0 Replies
 
Frank Apisa
 
  1  
Reply Sun 22 Mar, 2015 06:18 am
@fresco,
fresco wrote:

Once one realizes that the use of the word "reality" with respect to "postulated states of affairs" is always relative to transient contextual communicative need for consensus, and never occurs when consensus is assumed or undisputed, then the full import of the assertion "reality is relative" should be self evident.

This is my final comment on this thread. I thank all participants whether they understand the pragmatiscist's position or not. I recommend Rorty: Philosophy and the Mirror of Nature, as the seminal work in this matter.


By now, I think most of us "understand" that bit of psycho-speak to be the pragmatiscist's position. What we don't "understand" is why anyone would consider that it makes anything self-evident.

Some theists often give their arguments for the fact that it is self-evident that a god exists. Some atheists often give arguments that they consider shows the absence on any gods to be self-evident.

Why don't people like you wake up, Fresco!
layman
 
  1  
Reply Sun 22 Mar, 2015 06:21 am
@Frank Apisa,
Quote:
Why don't people like you wake up, Fresco!


Well, it's actually kinda self-evident why, aint it, Frank?
0 Replies
 
Frank Apisa
 
  2  
Reply Sun 22 Mar, 2015 06:22 am
@Frank Apisa,
TO FRESCO;

By the way...the first words written in this thread were in your introduction. They were:

Quote:
This thread is in response to a challenge by Frank Apisa


You have not met that challenge!

It may be all an illusion, but to me you are a fellow human and I still love ya anyway.
0 Replies
 
joefromchicago
 
  3  
Reply Mon 23 Mar, 2015 07:05 am
@fresco,
fresco wrote:
I thank all participants whether they understand the pragmatiscist's position or not.

I find it particularly offensive that you are arrogating the terms "pragmaticist" and "pragmaticism," which are traditionally associated with C.S. Peirce and his philosophy. Your "pragmaticism" is nothing at all like Peirce's. In fact, there's nothing at all pragmatic about your pragmaticism -- quite the opposite, actually.
Razzleg
 
  2  
Reply Tue 24 Mar, 2015 11:17 pm
@joefromchicago,
joefromchicago wrote:

fresco wrote:
I thank all participants whether they understand the pragmatiscist's position or not.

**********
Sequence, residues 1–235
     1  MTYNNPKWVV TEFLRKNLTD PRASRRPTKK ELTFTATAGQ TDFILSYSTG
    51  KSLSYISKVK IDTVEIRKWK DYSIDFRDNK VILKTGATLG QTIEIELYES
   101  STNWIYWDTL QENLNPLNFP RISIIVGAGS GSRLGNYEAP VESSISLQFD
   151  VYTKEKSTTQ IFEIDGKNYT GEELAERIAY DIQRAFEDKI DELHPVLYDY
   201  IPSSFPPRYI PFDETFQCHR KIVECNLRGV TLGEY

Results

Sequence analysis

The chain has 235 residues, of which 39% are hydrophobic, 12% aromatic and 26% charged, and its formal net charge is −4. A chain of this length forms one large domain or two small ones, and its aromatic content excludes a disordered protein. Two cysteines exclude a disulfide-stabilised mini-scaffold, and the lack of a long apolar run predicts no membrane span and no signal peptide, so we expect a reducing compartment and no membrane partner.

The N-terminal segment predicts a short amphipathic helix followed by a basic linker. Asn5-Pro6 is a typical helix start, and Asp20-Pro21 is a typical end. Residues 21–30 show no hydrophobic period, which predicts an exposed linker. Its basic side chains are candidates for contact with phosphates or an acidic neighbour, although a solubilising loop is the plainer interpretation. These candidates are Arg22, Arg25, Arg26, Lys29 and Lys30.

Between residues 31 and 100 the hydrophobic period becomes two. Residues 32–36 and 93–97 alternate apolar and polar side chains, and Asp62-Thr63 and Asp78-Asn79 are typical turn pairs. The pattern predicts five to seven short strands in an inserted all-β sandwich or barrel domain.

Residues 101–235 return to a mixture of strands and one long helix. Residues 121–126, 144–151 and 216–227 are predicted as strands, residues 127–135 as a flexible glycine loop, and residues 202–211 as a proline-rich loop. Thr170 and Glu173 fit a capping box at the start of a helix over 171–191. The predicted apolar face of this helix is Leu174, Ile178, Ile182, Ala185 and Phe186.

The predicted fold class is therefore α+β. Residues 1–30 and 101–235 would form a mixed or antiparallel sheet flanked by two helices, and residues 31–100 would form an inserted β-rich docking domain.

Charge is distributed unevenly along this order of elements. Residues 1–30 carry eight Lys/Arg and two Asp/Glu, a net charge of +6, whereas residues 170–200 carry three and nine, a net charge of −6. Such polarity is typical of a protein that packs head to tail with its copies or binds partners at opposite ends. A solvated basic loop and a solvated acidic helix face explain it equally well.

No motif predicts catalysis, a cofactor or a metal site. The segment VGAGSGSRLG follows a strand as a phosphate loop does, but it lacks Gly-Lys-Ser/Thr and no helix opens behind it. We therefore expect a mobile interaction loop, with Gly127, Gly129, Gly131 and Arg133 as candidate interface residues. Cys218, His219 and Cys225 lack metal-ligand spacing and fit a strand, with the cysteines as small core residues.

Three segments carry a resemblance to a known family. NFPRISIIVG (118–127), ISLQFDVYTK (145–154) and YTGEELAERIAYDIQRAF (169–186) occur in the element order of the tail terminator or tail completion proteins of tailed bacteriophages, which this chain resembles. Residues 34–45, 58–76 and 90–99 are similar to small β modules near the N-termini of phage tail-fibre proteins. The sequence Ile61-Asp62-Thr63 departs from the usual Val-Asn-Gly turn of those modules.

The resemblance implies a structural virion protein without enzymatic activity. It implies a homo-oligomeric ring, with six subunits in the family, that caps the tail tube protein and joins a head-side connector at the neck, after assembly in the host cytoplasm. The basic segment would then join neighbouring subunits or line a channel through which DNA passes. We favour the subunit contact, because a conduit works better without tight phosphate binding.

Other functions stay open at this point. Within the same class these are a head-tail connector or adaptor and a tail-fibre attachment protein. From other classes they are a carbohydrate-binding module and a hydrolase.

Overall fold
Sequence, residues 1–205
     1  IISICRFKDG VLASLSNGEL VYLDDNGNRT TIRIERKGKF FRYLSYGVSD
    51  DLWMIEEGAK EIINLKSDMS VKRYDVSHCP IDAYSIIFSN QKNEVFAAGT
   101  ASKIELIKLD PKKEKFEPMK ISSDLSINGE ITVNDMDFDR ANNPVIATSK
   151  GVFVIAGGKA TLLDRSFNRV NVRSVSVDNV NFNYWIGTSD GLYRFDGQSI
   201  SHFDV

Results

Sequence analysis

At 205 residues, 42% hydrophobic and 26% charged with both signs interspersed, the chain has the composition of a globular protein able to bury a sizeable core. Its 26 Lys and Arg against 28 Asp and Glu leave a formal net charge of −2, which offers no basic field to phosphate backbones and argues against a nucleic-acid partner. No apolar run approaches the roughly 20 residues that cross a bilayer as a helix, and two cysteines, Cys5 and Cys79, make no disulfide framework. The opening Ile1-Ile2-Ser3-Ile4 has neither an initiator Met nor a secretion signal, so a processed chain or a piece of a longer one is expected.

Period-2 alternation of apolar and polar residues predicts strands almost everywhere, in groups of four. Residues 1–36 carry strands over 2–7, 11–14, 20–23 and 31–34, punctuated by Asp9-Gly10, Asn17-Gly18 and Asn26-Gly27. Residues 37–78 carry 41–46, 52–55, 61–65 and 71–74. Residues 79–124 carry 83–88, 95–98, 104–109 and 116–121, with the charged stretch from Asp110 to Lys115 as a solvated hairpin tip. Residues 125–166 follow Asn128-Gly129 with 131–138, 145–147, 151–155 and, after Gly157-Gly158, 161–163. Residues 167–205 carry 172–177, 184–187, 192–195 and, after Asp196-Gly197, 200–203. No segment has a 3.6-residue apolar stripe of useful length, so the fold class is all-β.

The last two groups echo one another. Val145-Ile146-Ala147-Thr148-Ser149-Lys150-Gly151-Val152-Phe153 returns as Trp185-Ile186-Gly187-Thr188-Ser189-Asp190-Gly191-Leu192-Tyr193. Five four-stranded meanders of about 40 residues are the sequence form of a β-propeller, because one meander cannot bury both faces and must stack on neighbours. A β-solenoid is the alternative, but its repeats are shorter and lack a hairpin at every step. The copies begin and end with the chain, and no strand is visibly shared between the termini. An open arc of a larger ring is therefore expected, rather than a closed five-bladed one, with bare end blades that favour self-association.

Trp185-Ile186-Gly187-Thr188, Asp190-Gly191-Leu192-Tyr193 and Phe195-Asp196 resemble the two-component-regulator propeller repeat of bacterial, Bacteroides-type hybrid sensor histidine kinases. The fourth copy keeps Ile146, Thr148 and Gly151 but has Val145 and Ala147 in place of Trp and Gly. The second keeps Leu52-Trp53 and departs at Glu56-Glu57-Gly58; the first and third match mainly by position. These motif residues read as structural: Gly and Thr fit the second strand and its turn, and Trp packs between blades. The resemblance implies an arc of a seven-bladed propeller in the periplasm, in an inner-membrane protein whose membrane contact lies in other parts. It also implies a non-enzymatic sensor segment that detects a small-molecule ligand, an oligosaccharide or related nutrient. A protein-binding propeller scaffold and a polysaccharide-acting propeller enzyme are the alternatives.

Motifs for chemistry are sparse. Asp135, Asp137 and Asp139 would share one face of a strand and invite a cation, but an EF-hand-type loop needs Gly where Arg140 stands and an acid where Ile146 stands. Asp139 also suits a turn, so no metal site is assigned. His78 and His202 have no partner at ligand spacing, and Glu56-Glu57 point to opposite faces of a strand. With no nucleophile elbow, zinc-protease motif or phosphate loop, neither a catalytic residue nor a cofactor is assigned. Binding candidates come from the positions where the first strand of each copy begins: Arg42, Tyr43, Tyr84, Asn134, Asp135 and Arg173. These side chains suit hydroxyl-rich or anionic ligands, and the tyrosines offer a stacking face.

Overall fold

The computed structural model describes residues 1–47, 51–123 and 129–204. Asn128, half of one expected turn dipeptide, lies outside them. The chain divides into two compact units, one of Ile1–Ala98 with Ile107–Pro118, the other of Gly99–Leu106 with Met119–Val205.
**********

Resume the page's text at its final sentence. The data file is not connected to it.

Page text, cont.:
I find it particularly offensive that you are arrogating the terms "pragmaticist" and "pragmaticism," which are traditionally associated with C.S. Peirce and his philosophy. Your "pragmaticism" is nothing at all like Peirce's. In fact, there's nothing at all pragmatic about your pragmaticism -- quite the opposite, actually.


Agreed.

fresco wrote:

Oh dear ! Can nobody understand that arguments about "reality" are futile ? The pragmaticist's position post-phenomenology is that dichotomies like materialism-idealism, subject-object, are analytical postures based on ontological assumptions that may never be substantiated. What matters is "what works" at various levels of prediction and control.


Can i ask you, are the workings of "prediction and control" elevated by nondualistic thinking? i.e. Are nondualistic approaches to data better able to predict and/or control events than rhetoric? How affective are they in comparison to the way statements are used in the scientific method?

i know that you've given your final word in this thread, and i respect that, but if you don't address this question in future posts i will view them (and i am aware that my view is probably without value for you) as pointless, ideological posturing.
layman
 
  1  
Reply Tue 24 Mar, 2015 11:21 pm
@Razzleg,
Sure, Razz, you can ask, but....
0 Replies
 
Razzleg
 
  1  
Reply Tue 24 Mar, 2015 11:58 pm
@fresco,
Related:

fresco wrote:

Once one realizes that the use of the word "reality" with respect to "postulated states of affairs" is always relative to transient contextual communicative need for consensus, and never occurs when consensus is assumed or undisputed [...]


i'm sorry, when has that "postulated consensus-oriented" circumstance occurred?
0 Replies